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NCT05142280 | Not yet recruiting | Cardiovascular Diseases


Active Choice Regarding Cardiovascular Disease Risk
Sponsor:

VU University Medical Center

Information provided by (Responsible Party):

Lorraine Landais

Brief Summary:

In this web-based RCT, the investigators will investigate whether promoting an active choice regarding coping with an increased CVD risk results in better psychological outcomes (e.g., degree of active choice; commitment toward the chosen option) compared to usual care (i.e., a GP's advice to change one's lifestyle and take medication). By 'active choice' the investigators mean a conscious and autonomous choice in which an individual (a) becomes aware of a discrepancy between the current and desired situation; (b) understands what his/her CVD risk means, and what its causes and consequences are; (c) evaluates the pros and cons of the different options to cope with the risk; and (d) is clear about his/her values regarding the choice. The different options to cope with an increased CVD risk include: changing one's lifestyle; taking medication; doing both; or changing nothing.

Condition or disease

Cardiovascular Diseases

Intervention/treatment

Decision-aid for cardiovascular disease risk

Control

Phase

Not Applicable

Detailed Description:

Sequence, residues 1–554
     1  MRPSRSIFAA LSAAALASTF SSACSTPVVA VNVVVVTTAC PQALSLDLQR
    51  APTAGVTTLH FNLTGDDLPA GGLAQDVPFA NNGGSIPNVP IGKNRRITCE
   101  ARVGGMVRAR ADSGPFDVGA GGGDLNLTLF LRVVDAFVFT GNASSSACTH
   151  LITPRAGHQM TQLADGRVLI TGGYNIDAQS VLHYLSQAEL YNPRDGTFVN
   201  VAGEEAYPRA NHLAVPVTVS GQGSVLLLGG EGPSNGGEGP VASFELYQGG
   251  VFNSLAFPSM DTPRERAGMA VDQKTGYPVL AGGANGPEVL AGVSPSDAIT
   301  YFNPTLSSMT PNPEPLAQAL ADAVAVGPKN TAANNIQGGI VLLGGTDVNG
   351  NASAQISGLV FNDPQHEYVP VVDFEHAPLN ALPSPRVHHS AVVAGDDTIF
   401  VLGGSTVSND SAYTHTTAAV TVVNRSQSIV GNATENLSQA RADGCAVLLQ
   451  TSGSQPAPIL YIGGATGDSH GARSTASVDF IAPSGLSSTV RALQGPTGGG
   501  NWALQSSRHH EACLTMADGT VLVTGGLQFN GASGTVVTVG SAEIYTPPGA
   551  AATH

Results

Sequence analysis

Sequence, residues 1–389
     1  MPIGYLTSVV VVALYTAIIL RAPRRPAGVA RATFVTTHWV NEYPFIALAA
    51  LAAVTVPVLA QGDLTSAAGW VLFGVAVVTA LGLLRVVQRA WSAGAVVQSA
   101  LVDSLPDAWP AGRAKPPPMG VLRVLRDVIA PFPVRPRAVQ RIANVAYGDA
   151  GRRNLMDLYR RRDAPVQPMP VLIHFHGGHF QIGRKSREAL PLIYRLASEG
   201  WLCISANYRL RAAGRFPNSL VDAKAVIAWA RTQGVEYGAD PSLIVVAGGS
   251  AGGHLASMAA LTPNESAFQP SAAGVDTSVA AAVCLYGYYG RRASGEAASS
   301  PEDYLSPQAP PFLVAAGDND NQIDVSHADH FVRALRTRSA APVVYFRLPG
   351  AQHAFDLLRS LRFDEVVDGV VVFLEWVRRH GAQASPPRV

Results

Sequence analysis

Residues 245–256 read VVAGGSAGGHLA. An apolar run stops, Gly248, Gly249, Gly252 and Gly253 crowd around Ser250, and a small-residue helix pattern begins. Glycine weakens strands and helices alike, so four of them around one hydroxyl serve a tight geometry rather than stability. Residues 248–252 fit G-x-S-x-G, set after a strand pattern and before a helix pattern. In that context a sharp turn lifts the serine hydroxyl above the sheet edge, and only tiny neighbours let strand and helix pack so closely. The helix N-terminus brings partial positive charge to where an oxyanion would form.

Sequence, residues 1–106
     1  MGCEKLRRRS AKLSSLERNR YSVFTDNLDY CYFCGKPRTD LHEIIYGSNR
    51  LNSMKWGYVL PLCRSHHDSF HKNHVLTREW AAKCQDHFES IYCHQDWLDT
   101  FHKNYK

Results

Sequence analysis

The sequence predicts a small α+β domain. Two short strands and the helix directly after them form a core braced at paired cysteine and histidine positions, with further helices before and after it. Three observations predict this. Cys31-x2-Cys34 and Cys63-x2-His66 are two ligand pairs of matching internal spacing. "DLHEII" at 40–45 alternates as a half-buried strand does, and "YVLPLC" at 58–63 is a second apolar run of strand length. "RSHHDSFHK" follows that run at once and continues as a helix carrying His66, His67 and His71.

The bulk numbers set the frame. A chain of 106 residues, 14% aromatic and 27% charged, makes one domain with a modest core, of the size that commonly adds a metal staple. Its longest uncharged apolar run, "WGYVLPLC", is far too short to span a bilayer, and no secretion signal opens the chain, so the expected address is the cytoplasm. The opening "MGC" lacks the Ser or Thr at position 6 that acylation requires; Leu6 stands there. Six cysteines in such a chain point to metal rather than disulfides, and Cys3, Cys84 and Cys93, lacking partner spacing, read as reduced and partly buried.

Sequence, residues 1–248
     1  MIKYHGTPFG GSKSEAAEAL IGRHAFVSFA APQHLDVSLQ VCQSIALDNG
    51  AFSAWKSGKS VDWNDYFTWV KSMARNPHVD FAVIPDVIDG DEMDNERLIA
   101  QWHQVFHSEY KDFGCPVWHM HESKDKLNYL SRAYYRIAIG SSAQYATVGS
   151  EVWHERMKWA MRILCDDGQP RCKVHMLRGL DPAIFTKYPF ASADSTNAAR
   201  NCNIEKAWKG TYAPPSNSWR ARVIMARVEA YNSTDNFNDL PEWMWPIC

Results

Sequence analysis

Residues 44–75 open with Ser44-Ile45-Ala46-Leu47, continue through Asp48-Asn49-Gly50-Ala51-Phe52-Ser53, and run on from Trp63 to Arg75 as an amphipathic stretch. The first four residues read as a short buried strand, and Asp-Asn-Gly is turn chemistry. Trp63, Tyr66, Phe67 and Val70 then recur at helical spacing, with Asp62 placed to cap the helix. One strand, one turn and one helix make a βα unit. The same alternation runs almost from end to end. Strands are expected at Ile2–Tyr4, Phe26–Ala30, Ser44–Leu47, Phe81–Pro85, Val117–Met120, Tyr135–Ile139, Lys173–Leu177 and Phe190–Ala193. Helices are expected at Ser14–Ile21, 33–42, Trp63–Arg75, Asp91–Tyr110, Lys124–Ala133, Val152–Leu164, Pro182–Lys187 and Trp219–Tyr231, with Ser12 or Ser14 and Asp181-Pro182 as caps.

Cardiovascular disease (CVD) continues to be a leading cause of mortality among adults. Adults at increased risk of cardiovascular disease are usually advised by their general practitioner (GP) to change their lifestyle (i.e., quit smoking; eat healthier; become more physically active). In addition, GP's regularly advice their patients to take antihypertensive and/or lipid lowering medication to decrease the CVD risk. Previous research has shown that many patients at increased risk of CVD have difficulty maintaining lifestyle changes and adhering to their medication regimen - either intentionally or unintentionally. Intentional non-adherence could occur when patients experience side-effects of the medication, whereas unintentional non-adherence usually occurs when patients forget to take their medication. In the current study, the investigators will investigate whether promoting an active choice regarding coping with an increased CVD risk results in better psychological outcomes (e.g., degree of active choice; commitment toward the chosen option) compared to usual care (i.e. a GP's advice to change one's lifestyle and take medication). By 'active choice' the investigators mean a conscious and autonomous choice in which an individual (a) becomes aware of a discrepancy between the current and desired situation; (b) understands what his/her CVD risk means, and what its causes and consequences are; (c) evaluates the pros and cons of the different options to cope with the risk; and (d) is clear about his/her values regarding the choice. The different options to cope with an increased CVD risk include: changing one's lifestyle; taking medication; doing both; or changing nothing. The investigators will investigate this in a web-based RCT among adults aged 45-65 years. The intervention group (i.e. active choice group) and control group (i.e. usual care group) will both receive a hypothetical CVD risk. The investigators expect an active choice regarding coping with an increased CVD risk to result in better psychological outcomes compared to a GP's advice. Ultimately, a more active choice is expected to results in greater behavioural persistence regarding the chosen option; i.e. lifestyle change and/or medication adherence.